The crawfish boil is a celebratory event where Cajuns boil crawfish, potatoes, onions and corn over large propane cookers. Lemons and small muslin bags containing a mixture of bay leaves, mustard seeds, cayenne pepper and other spices, commonly known as "crab boil" or "crawfish boil" are added to the water for seasoning. The results are then dumped onto large, newspaper-draped tables and in some areas covered in spice blends. Also, Cocktail sauce, mayonnaise and hot sauce sometimes used. The seafood is scooped onto large trays or plates and eaten by hand.
Attendees are encouraged to "suck the head" of a crawfish by separating the abdomen of the crustacean and sucking out the abdominal fat/juices.

  • 2 heads garlic, unpeeled
  • 5 bay leaves
  • 2 (3 ounce) packages dry crab boil
  • 1 tablespoon liquid shrimp and crab boil seasoning
  • salt and pepper to taste
  • 3 large oranges, halved
  • 3 large lemons, halved
  • 2 large whole artichokes
  • 15 red potatoes, washed
  • 30 pieces baby corn
  • 2 large onions, sliced
  • 2 (16 ounce) packages mushrooms, cleaned
  • 1/2 pound fresh green beans, trimmed
  • 2 (16 ounce) packages smoked sausage, cut into 1/2 inch slices
  • 4 pounds live crawfish, rinsed
How to prepare it:
Fit a large (5 gallon) pot with a strainer insert, and fill half full with water.
Add the garlic, bay leaves, dry and liquid crab boil seasonings, salt, pepper, oranges, lemons, artichokes, and potatoes.
Bring to a boil over high heat, then reduce to a simmer, and cook for 20 minutes.
Stir in the corn, onions, mushrooms, and green beans; cook 15 minutes more.
Stir in the sausage; cook 5 minutes more.
Add the crawfish, return mixture to boil, then simmer until the crawfish shells turn bright red and the tails pull out easily, about 5 minutes.
Test for doneness by peeling a crawfish.
Be sure not to overcook, or crawfish will become tough.
Remove strainer basket from the pot and drain.
Serve crawfish hot, Louisiana-style, spread over a picnic table covered with newspapers.

© Text and image: Allrecipes.com, wikipedia

21 may 2011

La vie sur terre

Title: La vie sur terre (Life on Earth)
Director: Abderrahmane Sissako
Writer: Abderrahmane Sissako
Year: 1998
Running time: 61 minutes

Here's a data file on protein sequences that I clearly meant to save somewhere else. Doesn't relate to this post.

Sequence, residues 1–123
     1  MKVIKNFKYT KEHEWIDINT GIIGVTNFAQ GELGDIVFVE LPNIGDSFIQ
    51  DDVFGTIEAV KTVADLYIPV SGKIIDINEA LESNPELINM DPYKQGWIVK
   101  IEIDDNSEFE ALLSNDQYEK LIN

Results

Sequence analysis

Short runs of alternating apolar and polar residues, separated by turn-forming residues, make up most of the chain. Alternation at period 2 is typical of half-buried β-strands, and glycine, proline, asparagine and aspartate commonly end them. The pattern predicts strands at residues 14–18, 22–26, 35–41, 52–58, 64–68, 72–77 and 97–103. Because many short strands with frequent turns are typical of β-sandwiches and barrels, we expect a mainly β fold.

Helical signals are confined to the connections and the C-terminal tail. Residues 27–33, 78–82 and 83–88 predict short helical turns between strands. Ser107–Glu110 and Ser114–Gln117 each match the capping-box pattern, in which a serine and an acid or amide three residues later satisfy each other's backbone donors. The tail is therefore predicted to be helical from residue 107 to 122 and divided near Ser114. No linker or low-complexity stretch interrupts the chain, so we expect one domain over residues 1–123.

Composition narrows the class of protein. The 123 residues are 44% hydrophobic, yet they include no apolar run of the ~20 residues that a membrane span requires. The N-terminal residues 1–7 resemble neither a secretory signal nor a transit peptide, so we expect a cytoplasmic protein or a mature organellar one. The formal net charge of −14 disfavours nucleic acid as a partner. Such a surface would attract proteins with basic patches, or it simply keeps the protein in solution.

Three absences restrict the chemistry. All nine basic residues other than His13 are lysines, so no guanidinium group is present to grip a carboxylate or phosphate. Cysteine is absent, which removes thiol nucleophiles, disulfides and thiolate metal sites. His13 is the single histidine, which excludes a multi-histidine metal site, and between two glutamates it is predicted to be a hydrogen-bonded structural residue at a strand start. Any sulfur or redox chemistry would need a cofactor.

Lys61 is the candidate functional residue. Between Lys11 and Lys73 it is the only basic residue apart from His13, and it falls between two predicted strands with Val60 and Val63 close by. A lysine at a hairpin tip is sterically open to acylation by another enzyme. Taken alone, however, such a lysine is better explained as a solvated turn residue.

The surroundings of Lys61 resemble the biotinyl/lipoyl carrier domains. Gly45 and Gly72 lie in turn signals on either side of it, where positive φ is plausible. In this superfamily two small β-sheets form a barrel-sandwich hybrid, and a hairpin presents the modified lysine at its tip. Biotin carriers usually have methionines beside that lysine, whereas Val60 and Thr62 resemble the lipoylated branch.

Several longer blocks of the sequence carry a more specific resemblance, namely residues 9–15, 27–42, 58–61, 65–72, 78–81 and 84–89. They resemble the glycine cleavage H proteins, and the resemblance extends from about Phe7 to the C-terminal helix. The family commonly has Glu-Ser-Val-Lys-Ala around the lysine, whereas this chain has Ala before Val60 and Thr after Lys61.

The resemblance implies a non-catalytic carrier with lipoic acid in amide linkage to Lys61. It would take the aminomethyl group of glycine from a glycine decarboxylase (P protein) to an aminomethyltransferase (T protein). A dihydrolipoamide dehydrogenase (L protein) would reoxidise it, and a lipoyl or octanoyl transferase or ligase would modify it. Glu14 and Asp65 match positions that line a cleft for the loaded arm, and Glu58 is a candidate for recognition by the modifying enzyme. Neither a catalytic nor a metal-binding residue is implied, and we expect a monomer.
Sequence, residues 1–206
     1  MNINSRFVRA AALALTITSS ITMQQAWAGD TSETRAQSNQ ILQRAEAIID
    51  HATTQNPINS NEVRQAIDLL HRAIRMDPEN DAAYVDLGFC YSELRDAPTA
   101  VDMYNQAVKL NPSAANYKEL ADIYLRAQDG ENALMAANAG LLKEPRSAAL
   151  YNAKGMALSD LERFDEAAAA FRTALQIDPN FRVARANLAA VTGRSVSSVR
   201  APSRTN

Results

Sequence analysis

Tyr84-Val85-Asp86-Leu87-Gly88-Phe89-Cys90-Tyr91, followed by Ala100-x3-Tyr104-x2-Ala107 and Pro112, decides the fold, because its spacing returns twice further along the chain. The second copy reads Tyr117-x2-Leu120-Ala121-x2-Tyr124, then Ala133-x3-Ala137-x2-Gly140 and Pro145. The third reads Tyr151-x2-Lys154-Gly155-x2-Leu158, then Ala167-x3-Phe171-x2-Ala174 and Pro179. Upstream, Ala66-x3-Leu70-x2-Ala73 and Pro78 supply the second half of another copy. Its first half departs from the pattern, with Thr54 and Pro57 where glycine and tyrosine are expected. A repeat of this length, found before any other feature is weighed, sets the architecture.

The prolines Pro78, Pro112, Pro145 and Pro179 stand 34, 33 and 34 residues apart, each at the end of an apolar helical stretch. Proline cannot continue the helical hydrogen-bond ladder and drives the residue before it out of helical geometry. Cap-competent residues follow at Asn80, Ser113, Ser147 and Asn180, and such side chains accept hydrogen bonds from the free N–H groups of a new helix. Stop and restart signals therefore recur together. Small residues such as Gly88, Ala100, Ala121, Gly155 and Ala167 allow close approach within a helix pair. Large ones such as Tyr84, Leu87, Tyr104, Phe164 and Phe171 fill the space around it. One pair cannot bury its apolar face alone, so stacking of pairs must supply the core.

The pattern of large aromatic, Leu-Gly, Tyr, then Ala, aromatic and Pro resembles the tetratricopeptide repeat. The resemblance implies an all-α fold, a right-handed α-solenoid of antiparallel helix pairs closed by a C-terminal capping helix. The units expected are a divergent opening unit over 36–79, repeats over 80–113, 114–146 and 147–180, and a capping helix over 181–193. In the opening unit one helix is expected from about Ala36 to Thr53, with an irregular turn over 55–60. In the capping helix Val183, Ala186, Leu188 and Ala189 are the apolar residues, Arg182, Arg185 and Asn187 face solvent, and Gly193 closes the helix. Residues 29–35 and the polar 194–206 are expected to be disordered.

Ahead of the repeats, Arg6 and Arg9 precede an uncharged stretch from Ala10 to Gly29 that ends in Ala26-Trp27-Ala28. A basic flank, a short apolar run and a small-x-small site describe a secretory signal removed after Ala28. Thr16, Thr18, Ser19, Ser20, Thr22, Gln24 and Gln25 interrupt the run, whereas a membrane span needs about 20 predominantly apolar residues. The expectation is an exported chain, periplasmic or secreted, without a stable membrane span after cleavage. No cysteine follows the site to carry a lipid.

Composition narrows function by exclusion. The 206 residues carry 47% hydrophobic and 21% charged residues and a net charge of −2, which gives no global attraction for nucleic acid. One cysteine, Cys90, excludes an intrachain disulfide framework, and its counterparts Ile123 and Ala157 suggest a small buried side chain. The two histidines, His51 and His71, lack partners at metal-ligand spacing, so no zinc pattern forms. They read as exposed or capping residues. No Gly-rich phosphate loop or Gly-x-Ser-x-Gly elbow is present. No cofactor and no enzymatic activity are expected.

Country: Mali and Mauritania
Plot summary:
In the last days of 1999, after a few shots of a French supermarket, abundant in food and color, we hear Dramane compose a letter home to his father in Mali whom he then visits in the village of Sokolo. He meets the lovely Nana, and there are possibilities. People place long-distance calls from the post office. "Reaching people," says the postmaster, "is a matter of luck." Contrasts between Paris and Sokolo - between Mali and France and between Africa and Europe - are underscored by voice-over poems and comments by Aimé Césaire. A man dictates a letter to a brother in France: what is the nature of their hardships? People look for their place on this earth.

© Text: IMDB

Watch images of the film with music from Salif Keita's Folon.

19 may 2011

The Tasaday of the Philippines

Name: Tasaday
Living Area: Mindanao Island, Philippines
Population: 24 (1971)
Language: Tasaday dialect of Manobo
The Tasaday (tɑˈsɑdɑj) are an indigenous people of the Philippine island of Mindanao. They are considered to belong to the Lumad group along with the other indigenous inhabitants of the island. They attracted wide media attention in 1971 when they were first "discovered" by Western scientists who reported that they were living at a "stone age" level of technology and had been completely isolated from the rest of Philippine society. They later attracted attention in the 1980s when it was reported that their discovery had in fact been an elaborate hoax, and doubt was raised both about their status as isolated from other societies and even about the reality of their existence as a separate ethnic group. The question of to which degree the Tasaday evidence published in the seventies reflect reality is still being discussed. The Tasaday do speak a language that is distinct from the language of neighboring tribes and which has been described by linguists as having probably split from the adjacent Manobo languages 200 years ago.